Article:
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Luxor Times: 11 Jan 2017

Luxor Times

Wednesday 11 January 2017

Swedish mission discovered 12 New Kingdom tombs in Upper Egypt

The Swedish mission from Lund University at Gebelel Silsila, south of Luxor, in Upper Egypt led by Dr. Maria Nilsson and John Ward, discovered 12 rock cut tombs from the reign of the New Kingdom kings Thutmose III and Amenhotep II.

Also Three crypts cut into the rock, two niches possibly used for offering, one tomb containing
multiple animal burials, and three individual infant burials, along with other associated material.

Dr. Mahmoud Afifi, head of ancient Egyptian antiquities department, describes such discovery as "important" because it 
continues to change the perception of history in the ancient quarried landscape of Al-Silsila

Nasr Salama, General Director of Aswan Antiquities said that the individual tombs excavated this season reveal multiple burials within the same chamber or crypt, possibly complete families, and individuals of varying ages and sex.

In addition, the newly discovered child burials present another aspect to the 
cemetery, clearly indicating family life at Silsila. 

Nilsson explains that three different styles of burials have been documented, including a crypt (64 x 32 x 32 cm) cut into the rock, a shallow grave covered with stone, and one infant wrapped in textile and placed within a wooden coffin. Two of the three children were placed secreted within the overhangs of the natural sandstone bluffs. They were placed on their side oriented in either a north-south direction, face towards the east, alternatively east-west direction, and facing north. Burial gifts include amulets (including the figure of Bes), necklaces, ceramic vessels, worked flint and coloured pebbles.

Fossils of sheep and goatsas well as a couple of Nile perch and almost complete crocodile were found along with sandstone sarcophagi, sculptured and occasionally painted pottery coffins, painted cartonnage, textile and organic wrapping, ceramic vessels and plates, as well as an array of jewellery, amulets and scarabs.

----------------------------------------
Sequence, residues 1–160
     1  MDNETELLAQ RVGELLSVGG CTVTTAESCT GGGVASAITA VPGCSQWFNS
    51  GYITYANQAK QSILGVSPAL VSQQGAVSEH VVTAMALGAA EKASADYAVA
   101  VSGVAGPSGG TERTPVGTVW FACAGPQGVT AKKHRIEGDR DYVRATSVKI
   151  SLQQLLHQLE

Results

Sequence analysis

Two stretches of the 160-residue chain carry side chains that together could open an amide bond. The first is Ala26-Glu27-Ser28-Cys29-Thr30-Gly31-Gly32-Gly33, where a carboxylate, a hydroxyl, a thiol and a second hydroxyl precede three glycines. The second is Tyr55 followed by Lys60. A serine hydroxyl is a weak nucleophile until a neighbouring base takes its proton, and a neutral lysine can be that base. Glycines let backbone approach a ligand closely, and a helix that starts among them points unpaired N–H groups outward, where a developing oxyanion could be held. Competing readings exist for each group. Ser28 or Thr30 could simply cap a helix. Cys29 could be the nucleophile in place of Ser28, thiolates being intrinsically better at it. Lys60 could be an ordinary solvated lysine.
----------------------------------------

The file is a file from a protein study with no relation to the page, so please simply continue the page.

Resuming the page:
Nilsson asserted that the large amount of human remains recovered from the necropolis indicates the individuals were generally healthy.  

At this time, very little evidence of malnutrition and infection has been discovered.  Fractures of the long bones and increased muscle attachments amongst the skeletal remains indicate behaviours related to occupational 
hazards and an extremely labour intensive environment. 

Furthermore, many of the injuries appear to be in an advanced stage of healing, suggesting effective medical care.  

The new finds add exciting new components to the necropolis, changing yet again the perceived function and apparent appearance to the site of Gebel el Silsila, and with further fieldwork the team look forward to increasing their understanding of the overall function and role of the area during the New Kingdom. Further studies are required.

In 2015 the Swedish mission uncovered 43 tombs, and five tombs were chosen to be cleared of sand and the damaging layer
of salt in order to study their subsequent conservation. Returning to site eight months later, the previous work proved successful 
as both external and interior walls and to some extent also the ceiling, have become stabilized and secured by exposing them to the sun, drying previous wetness.

#Egypt #Egyptology #Archaeology 

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